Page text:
The Struggle to Express Themselves in The Color Purple There is one primordial reason why we do not doubt Europeans have taken the lead in history, in all epochs before and after 1492, and it has little to do with evidence. It is a basic belief which we inherit from prior ages of thought and scarcely realize that we hold: it is an implicit belief, not an explicit one, and it is so large a theory that it is woven into all of our ideas about history, both within Europe and without. . . (Blaut pg. 6-7). African-American people have had to climb over many obstacles to get to their position today. First, was the selling of their people into slavery. Then, they endured slavery itself, being treated like an animal. After slavery was abolished, Colored people still had to deal with racial discrimination and hatred. If this sounds rough, black women had it worse. African-American women had to deal with all the previously mentioned things, but they were women too! Females were oppressed almost as bad as the blacks. White women were not able to vote until the 1920. Therefore colored women had a double edged sword, they had to fight for freedom, but not be to dominate as to effect the men. Alice Walker's The Color Purple is a good example of colored women's plight. Three obstacles black women had to overcome to be able to express themselves were Racism, the lack of education, and the stereo-type that women are inferior. African-Americans have always experienced racism throughout their habitation in America. Slavery, is what caused most of the hatred towards blacks. African Americans were sold by their people and sent off to a foreign land. Colored people were used as work horses when they entered America. "It was acceptable for a white person to be lazy (in the South), and therefore, a white person takes advantage of this" (Theriault). White people wanted to keep their laziness. If the slaves were set free, then the whites would have to do more work. The slaves still fought for what they wanted, and finally won their "independence." Another dilemma was "if the south could abolish slavery, what would happen to the slaves? These slaves have been slaves for all their lives and would require education. These slaves would also require homes, some type of compensation, and more" (Theriault). Blacks were put in prison for rebelling against the white establishment. Most times these crimes were minuscule in comparison to the crimes committed against blacks or by whites. A colored person could be put in jail for looking at someone inappropriately, but if a black man was lynched, nothing happened. "I have been locked by the lawless. Handcuffed by the haters. Gagged by the greedy. And, if I know any thing at all, it's that a wall is just a wall and nothing more at all. It can be broken down" (Shakuer). This excerpt from "Affirmation" is an example of the feelings of hatred for the Whites. However, this quotation also shows the fight in the African-American race let alone its women. If the South could have kept education away from the blacks. Then ides as the one above would have never been published. Lack of education was a way the South tried to keep the blacks in a lower class. In The Color Purple, Celie is not allowed to go to school because she is to be kept barefoot and pregnant. She still received an education by learning what her little sister was teaching her, though. It was believed that if the blacks were kept uneducated then they would not know any better and would not fight for freedom. Unfortunately, for the South, the North was educating their blacks. Then these blacks were coming south and starting colleges for colored people. Booker T. Washington wrote, in his autobiography, ONE day, while at work in the coal-mine, I happened to overhear two miners talking about a great school for coloured people somewhere in Virginia. This was the first time that I had ever heard anything about any kind of school or college that was more pretentious than the little coloured school in our town. In the darkness of the mine I noiselessly crept as close as I could to the two men who were talking. I heard one tell the other that not only was the school established for the members of any race, but the opportunities that it provided by which poor but worthy students could work out all or a part of the cost of a board, and at the same time be taught some trade or industry. Thus the education had begun. Most coloreds were not able to read or write because they were never exposed to an education. Black women again had it worse because they were women. Women were believed to be weak and incompetent in comparison with men. This has since been disproved, but it was the practice in those days. In The Color Purple, Harpo, Mr. marries an independent Black woman. Sophia is bigger than Harpo and does not really do what he says. When Harpo beats Sophia to "make her mind," she beats him. The idea that a man has to beat a woman follows right along with the stereo-type that women are inferior. The hackneyed image that women were inferior was basically just a myth. The black women in the book The Color Purple did all the work. Celie would get up to cook, clean, go out and work in the fields all day, then come back and cook and clean some more. Sophia would work in the fields, repair the roof, and take care of the children. The men, Mr. and Harpo, would sit and not do much. Then if the women ever said anything they would beat them. It was not until Shug Avery came along did Celie realize not to take men seriously. Ms. Avery and Celie did become lesbians, but Shug taught Celie that a person has to stand up for themselves, if they want respect. As Celie and Shug fell in love, Celie grew as a person. She started to stand up to Mr. Celie also started to wear pants. In doing so, she was showing her independence. In those days, men were only supposed to be clothed in pants. Celie was showing, in a small way, that a woman can do anything a man can. Through help from Shug, Celie started a successful business making pants for all the relatives. This is another way Shug helped Celie gain her independence. Women were supposed to rely on men for everything (i.e. food, clothing, shelter, etc.). With Celie making her own money she did not need a man. Celie and her sister Nettie also owned a house, which was left to them by their step-father. Celie is further independent from men. Celie found a way out by acquiring a plan. This plan was patterned after an already independent woman, Shug. Shug got out by singing, Nettie by being a missionary, and Celie by making pants. Any minority that is being oppressed can learn from The Color Purple. A minority can pattern his/her assent to greatness after someone who came from similar backgrounds. All minorities can take this advice to heart. Stand up for what is believed. Make a difference. African-American women have overcome quite a bit in order to get to be where they are today. Colored women have(and are still) over coming racism, lack of education, and the myth that women are inferior. Black women have taken care of their children, men, land and themselves for years. The book The Color Purple shows the previous point very well. This book teaches that if there is a struggle, someone will overcome it. The book also teaches minorities a way to get out of their present situation. First, the desire has to be there, then all the minority has to do is pattern themselves after someone else who has made it out of the ghetto. Even though the setting of this book is in the great depression , the lessons it teaches are relevant to today's society. It is finally time for black women to be given the respect they deserve.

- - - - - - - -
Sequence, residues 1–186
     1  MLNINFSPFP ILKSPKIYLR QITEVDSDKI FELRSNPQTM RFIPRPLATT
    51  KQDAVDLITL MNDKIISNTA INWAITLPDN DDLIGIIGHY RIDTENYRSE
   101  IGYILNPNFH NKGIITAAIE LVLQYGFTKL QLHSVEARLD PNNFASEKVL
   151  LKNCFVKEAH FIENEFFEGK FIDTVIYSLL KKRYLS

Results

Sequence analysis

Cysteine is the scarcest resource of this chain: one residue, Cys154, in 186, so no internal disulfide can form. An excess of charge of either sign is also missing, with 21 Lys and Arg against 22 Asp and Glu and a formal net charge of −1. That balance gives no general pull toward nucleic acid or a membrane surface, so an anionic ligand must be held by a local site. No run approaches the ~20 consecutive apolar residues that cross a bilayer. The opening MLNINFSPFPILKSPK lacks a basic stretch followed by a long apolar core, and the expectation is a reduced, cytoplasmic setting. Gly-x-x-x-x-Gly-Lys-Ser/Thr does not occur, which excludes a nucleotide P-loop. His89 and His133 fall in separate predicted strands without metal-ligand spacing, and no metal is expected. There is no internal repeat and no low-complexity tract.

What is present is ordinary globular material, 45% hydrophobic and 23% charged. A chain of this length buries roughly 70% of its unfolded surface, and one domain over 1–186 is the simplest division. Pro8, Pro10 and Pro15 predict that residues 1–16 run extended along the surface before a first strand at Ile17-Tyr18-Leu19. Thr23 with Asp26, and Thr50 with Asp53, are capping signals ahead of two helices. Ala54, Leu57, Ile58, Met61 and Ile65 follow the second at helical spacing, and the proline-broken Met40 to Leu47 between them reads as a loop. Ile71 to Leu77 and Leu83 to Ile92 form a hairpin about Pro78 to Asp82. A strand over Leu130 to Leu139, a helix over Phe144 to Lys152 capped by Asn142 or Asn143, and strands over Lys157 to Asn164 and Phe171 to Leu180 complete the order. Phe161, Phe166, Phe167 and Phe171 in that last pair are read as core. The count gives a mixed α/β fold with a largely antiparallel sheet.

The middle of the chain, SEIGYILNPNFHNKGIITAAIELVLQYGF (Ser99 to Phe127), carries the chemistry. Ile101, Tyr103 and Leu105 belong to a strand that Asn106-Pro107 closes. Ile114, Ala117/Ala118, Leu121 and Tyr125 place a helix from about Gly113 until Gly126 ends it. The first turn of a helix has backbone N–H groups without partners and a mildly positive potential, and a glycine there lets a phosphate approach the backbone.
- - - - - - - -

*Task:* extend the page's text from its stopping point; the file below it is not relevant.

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Soldier Boys is about 2 boys from different places from the world, but they are both fighting for the same thing, and that is freedom. Spencer who is from USA, and Dieter who is from Germany. Both of the boys are from small families,and both of the boys are minor citizens. The book starts of with Spencer trying to convince his father that he want to go the the military, and fight for his freedom. His father and mother does not agree with this, but as the conflict continues, his father signs the contract.